Megan Rapinoe's Antics Are Going to Turn Americans Off Women's Soccer | Opinion
Someone needs to remind Megan Rapinoe that when you play for America's team, you play for America. She seems to have forgotten that and, for this regular American, it's getting embarrassing.
The U.S. women's recent victory over the Netherlands in the finals of the World Cup is one among a series of accomplishments of which we should all be proud. Instead, the focus has been on Rapinoe, who has consistently and perhaps deliberately gone out of her way to distinguish herself from the other players on America's remarkable national soccer team.
That's not the way it should be. There's no "I" in team—and it has been her off-screen antics, rather than her accomplishments on the field, that have made her stand out. That's an insult to all the other members of the team, even if they have the grace not to say so.
Someone should say something because Rapinoe, as a member of America's team, represents us all. She's a symbol of the nation, just not a very positive one. It's not the purple hair or the fact that she's out and proud that's disturbing to most—despite what some people have claimed. Nor is it her propensity to inject profanity into her remarks, such as when she dropped the mother of all "F-bombs" Wednesday on live television. It's not even her repeated dissing of President Donald Trump that has my hackles standing on end. No, what bothers me most is the way she has consistently shown little respect for the nation she opted to represent as a member of the U.S. team.
The national anthem is America's song. When it's played, she takes a knee. The American flag is the symbol of "the republic, for which it stands." During the victory celebration on Sunday, she carelessly let it drop to the ground, which, even if by accident, is considered profoundly disrespectful. If she's not proud to be an American, and if she said she is I missed it, she shouldn't have signed up for the team. She's not able to handle the responsibility.
Sure, we're a nation of dissenters. She's just the latest in a very long line. She's just like Colin Kaepernick, some say. But they're missing an important point. Kaepernick, who used to quarterback the San Francisco 49ers, played for one team of many in the NFL, all privately owned. There's only one women's national soccer team—and conceptually it belongs to us all.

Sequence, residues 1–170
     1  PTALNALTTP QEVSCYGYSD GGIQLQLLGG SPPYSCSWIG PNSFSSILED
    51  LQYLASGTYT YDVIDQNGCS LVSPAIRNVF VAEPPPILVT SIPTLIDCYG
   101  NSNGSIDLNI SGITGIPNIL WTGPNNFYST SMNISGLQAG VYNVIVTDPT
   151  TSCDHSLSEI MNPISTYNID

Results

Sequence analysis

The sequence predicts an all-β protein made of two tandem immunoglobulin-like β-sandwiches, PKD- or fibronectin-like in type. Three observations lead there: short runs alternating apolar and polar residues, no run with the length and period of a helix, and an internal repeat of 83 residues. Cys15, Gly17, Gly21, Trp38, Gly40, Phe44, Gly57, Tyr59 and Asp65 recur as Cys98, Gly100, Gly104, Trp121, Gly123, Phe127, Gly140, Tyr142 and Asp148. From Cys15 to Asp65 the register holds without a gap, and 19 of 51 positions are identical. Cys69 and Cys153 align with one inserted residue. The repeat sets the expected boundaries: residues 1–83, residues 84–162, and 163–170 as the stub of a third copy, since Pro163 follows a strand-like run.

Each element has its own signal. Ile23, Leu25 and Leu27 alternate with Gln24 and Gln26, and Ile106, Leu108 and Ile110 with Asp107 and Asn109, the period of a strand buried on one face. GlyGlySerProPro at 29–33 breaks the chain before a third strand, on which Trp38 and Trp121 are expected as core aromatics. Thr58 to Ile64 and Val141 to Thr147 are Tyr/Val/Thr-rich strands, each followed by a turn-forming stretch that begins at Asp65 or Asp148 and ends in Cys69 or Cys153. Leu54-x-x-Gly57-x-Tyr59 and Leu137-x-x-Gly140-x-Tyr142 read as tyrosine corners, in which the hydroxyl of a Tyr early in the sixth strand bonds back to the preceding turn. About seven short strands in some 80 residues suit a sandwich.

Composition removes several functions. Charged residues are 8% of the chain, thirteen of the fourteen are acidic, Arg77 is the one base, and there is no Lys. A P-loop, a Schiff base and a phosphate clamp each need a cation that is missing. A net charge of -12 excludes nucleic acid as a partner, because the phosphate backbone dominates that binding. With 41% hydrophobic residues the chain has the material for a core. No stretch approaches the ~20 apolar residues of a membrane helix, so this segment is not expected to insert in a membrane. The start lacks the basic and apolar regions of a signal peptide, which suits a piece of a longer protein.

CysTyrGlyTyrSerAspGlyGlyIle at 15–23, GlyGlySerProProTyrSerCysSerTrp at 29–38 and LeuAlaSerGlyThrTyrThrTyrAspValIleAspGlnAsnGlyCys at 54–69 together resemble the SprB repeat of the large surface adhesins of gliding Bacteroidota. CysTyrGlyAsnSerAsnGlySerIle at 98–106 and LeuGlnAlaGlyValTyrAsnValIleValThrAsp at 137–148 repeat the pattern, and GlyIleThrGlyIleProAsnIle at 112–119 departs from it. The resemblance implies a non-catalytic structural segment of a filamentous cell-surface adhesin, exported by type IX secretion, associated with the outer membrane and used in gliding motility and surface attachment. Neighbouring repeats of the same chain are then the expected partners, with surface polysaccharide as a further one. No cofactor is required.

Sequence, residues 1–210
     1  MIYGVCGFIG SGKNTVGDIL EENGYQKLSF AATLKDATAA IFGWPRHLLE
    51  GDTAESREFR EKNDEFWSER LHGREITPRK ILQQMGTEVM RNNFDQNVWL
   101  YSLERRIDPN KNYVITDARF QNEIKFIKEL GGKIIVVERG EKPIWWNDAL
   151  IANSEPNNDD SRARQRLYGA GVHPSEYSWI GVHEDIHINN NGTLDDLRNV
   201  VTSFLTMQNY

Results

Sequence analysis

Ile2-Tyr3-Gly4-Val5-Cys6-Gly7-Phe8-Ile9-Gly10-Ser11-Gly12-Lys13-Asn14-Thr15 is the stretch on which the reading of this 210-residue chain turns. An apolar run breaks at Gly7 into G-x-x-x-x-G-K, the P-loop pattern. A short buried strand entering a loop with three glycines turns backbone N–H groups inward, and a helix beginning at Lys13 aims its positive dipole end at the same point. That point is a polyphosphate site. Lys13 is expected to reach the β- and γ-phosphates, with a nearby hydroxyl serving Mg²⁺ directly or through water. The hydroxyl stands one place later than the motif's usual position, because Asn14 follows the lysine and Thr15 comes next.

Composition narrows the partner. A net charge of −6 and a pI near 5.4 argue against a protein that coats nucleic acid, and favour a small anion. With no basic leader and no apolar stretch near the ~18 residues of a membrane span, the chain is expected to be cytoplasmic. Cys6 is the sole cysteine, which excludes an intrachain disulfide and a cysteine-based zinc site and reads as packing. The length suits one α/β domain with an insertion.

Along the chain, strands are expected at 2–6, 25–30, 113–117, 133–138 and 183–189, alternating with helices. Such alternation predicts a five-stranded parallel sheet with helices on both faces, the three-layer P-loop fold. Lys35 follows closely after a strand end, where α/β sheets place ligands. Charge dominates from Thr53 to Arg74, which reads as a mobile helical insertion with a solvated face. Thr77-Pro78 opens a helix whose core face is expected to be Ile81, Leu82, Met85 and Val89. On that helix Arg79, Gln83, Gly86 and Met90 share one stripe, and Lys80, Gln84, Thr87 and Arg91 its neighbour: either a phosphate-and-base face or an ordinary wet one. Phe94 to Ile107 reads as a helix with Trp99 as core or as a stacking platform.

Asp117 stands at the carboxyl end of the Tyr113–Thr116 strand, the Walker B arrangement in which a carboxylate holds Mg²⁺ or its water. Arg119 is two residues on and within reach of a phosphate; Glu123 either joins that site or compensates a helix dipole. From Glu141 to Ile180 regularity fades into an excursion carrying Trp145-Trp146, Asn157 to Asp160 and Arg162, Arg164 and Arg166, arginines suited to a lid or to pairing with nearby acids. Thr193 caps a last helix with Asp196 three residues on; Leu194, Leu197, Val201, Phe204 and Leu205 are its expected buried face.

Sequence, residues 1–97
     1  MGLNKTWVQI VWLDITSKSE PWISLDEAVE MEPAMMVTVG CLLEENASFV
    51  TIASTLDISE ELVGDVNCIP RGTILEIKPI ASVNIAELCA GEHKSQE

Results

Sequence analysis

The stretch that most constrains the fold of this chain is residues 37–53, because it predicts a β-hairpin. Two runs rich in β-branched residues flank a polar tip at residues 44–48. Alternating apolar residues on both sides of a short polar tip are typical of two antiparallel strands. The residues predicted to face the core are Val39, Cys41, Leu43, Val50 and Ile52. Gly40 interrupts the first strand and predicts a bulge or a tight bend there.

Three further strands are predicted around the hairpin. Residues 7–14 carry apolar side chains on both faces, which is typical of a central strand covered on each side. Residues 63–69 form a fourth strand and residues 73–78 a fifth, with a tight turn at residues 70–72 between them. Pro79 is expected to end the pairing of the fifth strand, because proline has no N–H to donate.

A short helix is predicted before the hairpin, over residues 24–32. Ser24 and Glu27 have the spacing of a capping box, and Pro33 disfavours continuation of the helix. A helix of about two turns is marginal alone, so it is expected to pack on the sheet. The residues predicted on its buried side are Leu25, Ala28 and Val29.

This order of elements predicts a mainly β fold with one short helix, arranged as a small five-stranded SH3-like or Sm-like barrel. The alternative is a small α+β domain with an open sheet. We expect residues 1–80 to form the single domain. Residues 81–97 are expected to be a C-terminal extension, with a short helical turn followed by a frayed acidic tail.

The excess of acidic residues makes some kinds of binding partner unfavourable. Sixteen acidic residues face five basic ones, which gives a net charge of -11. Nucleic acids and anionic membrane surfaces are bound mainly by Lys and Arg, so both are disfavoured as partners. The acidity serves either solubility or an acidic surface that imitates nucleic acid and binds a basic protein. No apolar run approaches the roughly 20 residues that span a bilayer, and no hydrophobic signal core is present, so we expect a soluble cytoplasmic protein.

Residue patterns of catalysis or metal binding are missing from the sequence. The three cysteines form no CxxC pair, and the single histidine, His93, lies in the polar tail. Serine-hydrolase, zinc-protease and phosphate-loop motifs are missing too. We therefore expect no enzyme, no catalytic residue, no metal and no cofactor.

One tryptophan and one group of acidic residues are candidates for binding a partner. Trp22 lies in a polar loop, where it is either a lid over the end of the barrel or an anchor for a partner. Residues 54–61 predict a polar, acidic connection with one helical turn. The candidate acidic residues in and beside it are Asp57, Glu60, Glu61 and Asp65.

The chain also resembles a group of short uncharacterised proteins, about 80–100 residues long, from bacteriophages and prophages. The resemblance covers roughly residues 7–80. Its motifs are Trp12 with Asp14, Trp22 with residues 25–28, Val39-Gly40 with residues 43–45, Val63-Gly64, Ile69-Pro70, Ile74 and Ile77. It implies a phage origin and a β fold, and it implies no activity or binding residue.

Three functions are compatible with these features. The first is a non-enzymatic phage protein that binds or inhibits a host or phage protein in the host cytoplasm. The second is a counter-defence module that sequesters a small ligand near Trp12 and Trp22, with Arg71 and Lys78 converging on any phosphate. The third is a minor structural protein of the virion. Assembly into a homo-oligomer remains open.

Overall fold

The blowback against Rapinoe's antics is unsurprising, but it's likely not motivated by anything more than America's dislike for mixing sports and politics except as an expression of pro-American sentiment. We cheer our winning decathlete at the Olympics, cheer the national team on to victory in the World Cup and put the best figure skater on the Wheaties box precisely because their medals and accolades are a reflection of our innate pride in ourselves. They're a visible manifestation of our belief in American exceptionalism, that we are the greatest country in the history of mankind.
Rapinoe has chosen to ignore that, throwing in with those who believe the resistance, as they call it, is right, that there's something wrong with "baseball, hot dogs, apple pie and Chevrolet." She's chosen to be "edgy" because that's what corporate America thinks sells product, especially to young people with lots of their parents' dollars to spend.
It would be nice if they were wrong. They're not. The resistance culture is hip, dominant and all that with a bag of chips. And if that means hating traditional America because Trump loves traditional America, then so be it. Everything now is a forum for politics because they're fighting for the soul of America—and, sad to say, they may be winning.
That doesn't mean they're right—if the concepts of right and wrong as we regularly employ them apply in this case. If it's really all about marketing, then they probably don't. It makes Rapinoe a sideshow, playing for pennies among the other geeks from the suckers willing to pitch them into the till. And that makes it hard for every American girl out there in the heartland who, like the commercial shows, is up at 4 a.m. kicking the soccer ball in the dark to become a winner.
Rapinoe's going to turn people off women's soccer as a professional sport worth their time—just when the remarkable accomplishments of America's team ought to be driving people to their games and generating positive interest in the sport.
Instead, we get what James Thurber imagined in his short story "The Greatest Man in the World." In it, he wrote about the ramifications had the first man to fly solo across the Atlantic not been an all-American stand-up guy like "Lucky Lindy" but instead, to put it mildly, a thoroughly unpleasant fellow.
If Megan Rapinoe is the new face of women's soccer, I'm sticking to baseball.
Newsweek contributing editor Peter Roff has written extensively about politics and the American experience for U.S. News and World Report, United Press International and other publications. He can be reached by email at RoffColumns@GMAIL.com. Follow him on Twitter @PeterRoff.
The views expressed in this article are the writer's own.
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